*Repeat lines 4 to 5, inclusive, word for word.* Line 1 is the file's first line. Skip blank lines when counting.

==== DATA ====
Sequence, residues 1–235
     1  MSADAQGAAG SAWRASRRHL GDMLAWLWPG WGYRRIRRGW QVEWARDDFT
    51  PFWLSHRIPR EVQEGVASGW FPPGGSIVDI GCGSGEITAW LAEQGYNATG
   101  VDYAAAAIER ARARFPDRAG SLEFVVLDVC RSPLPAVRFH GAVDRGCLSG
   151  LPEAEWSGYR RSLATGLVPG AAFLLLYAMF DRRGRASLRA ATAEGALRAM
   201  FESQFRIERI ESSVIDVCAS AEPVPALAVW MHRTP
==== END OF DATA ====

   101  VDYAAAAIER ARARFPDRAG SLEFVVLDVC RSPLPAVRFH GAVDRGCLSG
   151  LPEAEWSGYR RSLATGLVPG AAFLLLYAMF DRRGRASLRA ATAEGALRAM